This is the first demonstration of an actual, although impaired, spermatogenesis in a subject with documented Leydig activation due to GNAS1 gene mutation. This gives evidence that, despite the longstanding gonadotropin suppression, the physiological Sertoli cell proliferation occurs normally in the postnatal and pubertal periods (23). At the age of 18, the gene encoding for the inhibin βB-subunit was not expressed in any type of testis cells, in contrast to previous reports showing that the gene was expressed either in Sertoli cells and germ cells in normal boys (24), or in Leydig cells in boys with testotoxicosis or FMPP (8). In both of these disorders, the constitutional activation of the testosterone biosynthesis pathway results in premature testosterone secretion leading to sexual precocity. At the same time, the Sertoli cells lose their ability to express the inhibin βB-subunit gene, which could be interpreted as a consequence of the activation of the Sertoli cell androgen receptors. In FMPP, the genetic activation of the LH receptor induces a premature production of inhibin B (8), in contrast with the present situation, where only the receptor-associated Gs protein subunit is activated by the somatic mutation. That suggests that different post-receptor pathways are involved in FMPP and MAS regarding the relationship between LH receptor and inhibin βB gene expression in Leydig cells.

The contrast between germ cell maturation and low prepubertal FSH levels raises the question of the relative roles of FSH and testosterone in promoting spermatogenesis. FSH and testosterone, according to experiments carried out in rodents, synergically act in germ cell maturation (25). However, testosterone alone can induce significant germ cell maturation, independently of FSH activity (26). In the Rhesus monkey the proliferation of type A spermatogonia is relatively gonadotropin independent (27) and differentiation of spermatogonia from type A to type B can be driven by either testosterone or FSH (28). Moreover, our observation demonstrates that prolonged exposure to testosterone can result in sperm cell production, even though FSH levels are undetectable. In the present case, Sertoli cell production of α-immunoreactive inhibin was within normal adult range despite undetectable FSH levels, in agreement with the immunohistochemical staining of all Sertoli cells from both the testes, whilst the inhibin βB gene was not expressed in any type of testis cells, in contrast with inhibin β gene expression in normal pubertal boys. These findings may suggest that the expression of the α-subunit gene is less FSH-dependent than the expression of the βB-subunit gene. In addition they raise the question of the role of autonomous testosterone secretion on the inhibin β gene expression. However, as discussed above, a focal post-receptor activation of the FSH stimulation pathway due to mutation mosaicism cannot be precluded and that might account for focal stimulation of spermatogenesis.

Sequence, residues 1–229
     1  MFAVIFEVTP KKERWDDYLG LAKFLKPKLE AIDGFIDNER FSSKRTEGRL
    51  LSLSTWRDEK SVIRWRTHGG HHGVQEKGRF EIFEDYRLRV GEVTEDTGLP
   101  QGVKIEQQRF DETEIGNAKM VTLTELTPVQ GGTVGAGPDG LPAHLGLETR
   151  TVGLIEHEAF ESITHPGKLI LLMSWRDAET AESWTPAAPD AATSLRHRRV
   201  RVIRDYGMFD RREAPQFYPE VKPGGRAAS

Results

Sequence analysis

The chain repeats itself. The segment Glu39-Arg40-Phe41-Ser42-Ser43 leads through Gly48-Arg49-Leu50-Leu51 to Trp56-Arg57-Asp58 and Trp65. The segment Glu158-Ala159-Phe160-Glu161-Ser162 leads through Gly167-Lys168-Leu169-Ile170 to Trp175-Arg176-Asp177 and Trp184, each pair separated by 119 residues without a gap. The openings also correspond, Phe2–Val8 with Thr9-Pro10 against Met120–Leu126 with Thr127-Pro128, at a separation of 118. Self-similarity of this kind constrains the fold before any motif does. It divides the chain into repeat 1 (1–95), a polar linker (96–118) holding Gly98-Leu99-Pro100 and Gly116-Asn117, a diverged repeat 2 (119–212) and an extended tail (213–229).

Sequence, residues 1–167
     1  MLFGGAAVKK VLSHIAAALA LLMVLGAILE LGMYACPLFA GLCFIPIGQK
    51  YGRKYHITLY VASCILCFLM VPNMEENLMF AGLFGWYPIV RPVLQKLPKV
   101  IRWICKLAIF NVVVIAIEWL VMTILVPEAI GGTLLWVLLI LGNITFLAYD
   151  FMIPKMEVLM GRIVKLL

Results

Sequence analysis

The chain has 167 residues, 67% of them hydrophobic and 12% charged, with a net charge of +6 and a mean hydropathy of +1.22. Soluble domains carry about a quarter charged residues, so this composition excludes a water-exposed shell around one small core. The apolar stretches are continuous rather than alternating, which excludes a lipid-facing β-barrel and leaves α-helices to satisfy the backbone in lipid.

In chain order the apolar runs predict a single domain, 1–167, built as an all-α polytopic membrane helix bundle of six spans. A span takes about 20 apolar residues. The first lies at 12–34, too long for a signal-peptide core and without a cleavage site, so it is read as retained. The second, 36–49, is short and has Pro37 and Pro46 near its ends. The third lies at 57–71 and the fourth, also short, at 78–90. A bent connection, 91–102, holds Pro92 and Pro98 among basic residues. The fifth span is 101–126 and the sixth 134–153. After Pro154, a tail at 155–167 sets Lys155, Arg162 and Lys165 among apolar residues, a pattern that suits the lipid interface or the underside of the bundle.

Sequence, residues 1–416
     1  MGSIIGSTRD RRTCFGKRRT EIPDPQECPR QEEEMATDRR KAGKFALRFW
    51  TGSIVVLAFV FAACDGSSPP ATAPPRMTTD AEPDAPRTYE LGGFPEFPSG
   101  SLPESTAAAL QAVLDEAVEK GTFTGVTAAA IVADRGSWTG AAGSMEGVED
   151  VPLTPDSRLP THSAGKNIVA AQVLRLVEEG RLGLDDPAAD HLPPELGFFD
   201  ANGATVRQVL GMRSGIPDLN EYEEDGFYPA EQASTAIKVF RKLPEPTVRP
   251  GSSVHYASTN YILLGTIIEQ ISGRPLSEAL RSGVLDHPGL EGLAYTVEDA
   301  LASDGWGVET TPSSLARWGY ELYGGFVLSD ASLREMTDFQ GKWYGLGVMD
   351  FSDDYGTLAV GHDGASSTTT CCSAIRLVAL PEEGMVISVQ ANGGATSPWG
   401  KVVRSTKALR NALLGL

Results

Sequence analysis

Conclusion

In this boy with MAS, the 15-year follow-up of pituitary–testicular axis has demonstrated that both autonomous testicular function and gonadotropin suppression in MAS may persist over time. This long-term observation provides an interesting human model of spermatogenesis despite FSH suppression, which suggests that testosterone alone can maintain a certain level of germ cell maturation. On the other hand, there is no secretion of dimeric inhibin B, due to the lack of inhibin βB expression. Indeed it has been reported that in normal adult males, expression of the inhibin βB-subunit is localized in germ cells and Leydig cells. Our findings are consistent with the assumption that, in human males, FSH is needed for the full expression of the inhibin βB-subunit, although no FSH receptors have been evidenced so far in germ cells and Leydig cells.

Acknowledgements

This work was supported in part by Institut de Recherche Endocrinienne et Métabolique (Paris). All the authors are very grateful to Dr Marc Roger for his skilled assistance and his precious suggestions.

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References

  • 1

    LumbrosoSParisFSultanC. Activating Gsα mutations: analysis of 113 patients with signs of McCune–Albright syndrome – a European collaborative study. Journal of Clinical Endocrinology and Metabolism2004;89:21072113.

    • Search Google Scholar
    • Export Citation
  • 2

    WeinsteinLSShenkerAGejmanPVMerinoMJFriedmanESpiegelAM. Activating mutations of the stimulatory G protein in the McCune–Albright syndrome. New England Journal of Medicine1991;325:16881695.

    • Search Google Scholar
    • Export Citation
  • 3

    RingelMDSchwidingerWFLevineMA. Clinical implications of genetic defects in G proteins. The molecular basis of McCune–Albright syndrome and Albright hereditary osteodystrophy. Medicine1996;75:171184.

    • Search Google Scholar
    • Export Citation
  • 4